Brown University was founded in 1764, the seventh college in the U.S., and now enrolls 7000 undergraduates and 1650 graduate and medical students. This "university college" model combines the advantages of a smallIvy League college, such as faculty accessibilityand a lively atmosphere, with the resources of a number of world-class graduate programs. These include the programs in Neuroscience, Psychology, Applied Math, Computer Science, and Biology, and a Medical School recently ranked first in the nation in family medicine. The undergraduate program is distinguished by its flexible New Curriculum.
Brown also offers an active cultural
and lecture program, including the resident Charleston String
multi-cultural dance troupe, the programs of the
Doyle Women's Center, art exhibits at the Bell
Gallery, an electronic music series, a film society, and numerous
Brown's close proximity to the Rhode
Island School of Design (RISD) also contributes to a high, and eclectic,
level of cultural sophistication. New athletic
facilities are outstanding and accessible. The 133-acre campus has
a classic ivy-and-brick architecture organized around secluded quads,
making it a very pleasant place to work.
|City of Providence|
Brown is located on Providence's
historic East Side, surrounded by the largest preserve of colonial-era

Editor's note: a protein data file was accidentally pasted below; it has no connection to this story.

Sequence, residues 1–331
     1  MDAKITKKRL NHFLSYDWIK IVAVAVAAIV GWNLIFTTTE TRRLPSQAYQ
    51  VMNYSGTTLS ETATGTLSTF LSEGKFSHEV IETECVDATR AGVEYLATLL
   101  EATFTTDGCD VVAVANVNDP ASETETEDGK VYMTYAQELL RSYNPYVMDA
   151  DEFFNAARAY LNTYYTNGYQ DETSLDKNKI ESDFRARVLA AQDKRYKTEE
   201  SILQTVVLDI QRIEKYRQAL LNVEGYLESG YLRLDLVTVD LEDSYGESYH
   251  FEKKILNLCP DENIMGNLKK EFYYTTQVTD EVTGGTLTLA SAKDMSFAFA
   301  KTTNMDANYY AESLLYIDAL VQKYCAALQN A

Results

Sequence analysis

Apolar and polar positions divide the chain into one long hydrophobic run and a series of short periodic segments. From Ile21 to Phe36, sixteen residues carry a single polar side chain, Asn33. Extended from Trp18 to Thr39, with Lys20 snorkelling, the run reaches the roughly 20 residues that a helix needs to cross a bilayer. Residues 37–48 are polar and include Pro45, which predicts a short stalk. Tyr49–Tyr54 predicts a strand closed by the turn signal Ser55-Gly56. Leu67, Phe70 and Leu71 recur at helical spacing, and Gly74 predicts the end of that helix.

architecture in the country. Founded in 1636 by Roger Williams, a
heretic exiled from Puritan Massachusetts, the city and state have
a history of religious and political tolerance with a seafaring, textile
mill, and industrial base. This tolerance led to the founding of the
first Jewish synagogue
(in Newport) and the founding of the first
Baptist church in America, as well as large Quaker and Catholic
populations, and generations of immigrants. Today Providence is the
second-largest city in New England (population 160,000), located 1
hour from Boston, and 3 hours
York with intact ethnic communities, non-yuppie local color, and
good cheap restaurants.
The main drag near campus is Thayer
Street, with an array of cafes, shops, bookstores, and an independent
film house. A short walk to Wickenden St. reveals a resurgence
of coffeehouses, galleries, a renovated waterfront, and great pizza.
A trip up to Federal Hill
offers superb dining and a touch of classic New England.
Rhode Island, the "biggest little state in the union," can also be enjoyed forits idiosyncrasies, including outstanding roadside vernacular,byways lost in the 1920's and 1720's and entertaining local politics. Rhode Island offers wonderful outdoor activities including biking, sailing, and a large array of public parks. Historic Newport, and the famous Rhode Island beaches, are less than 45 min away.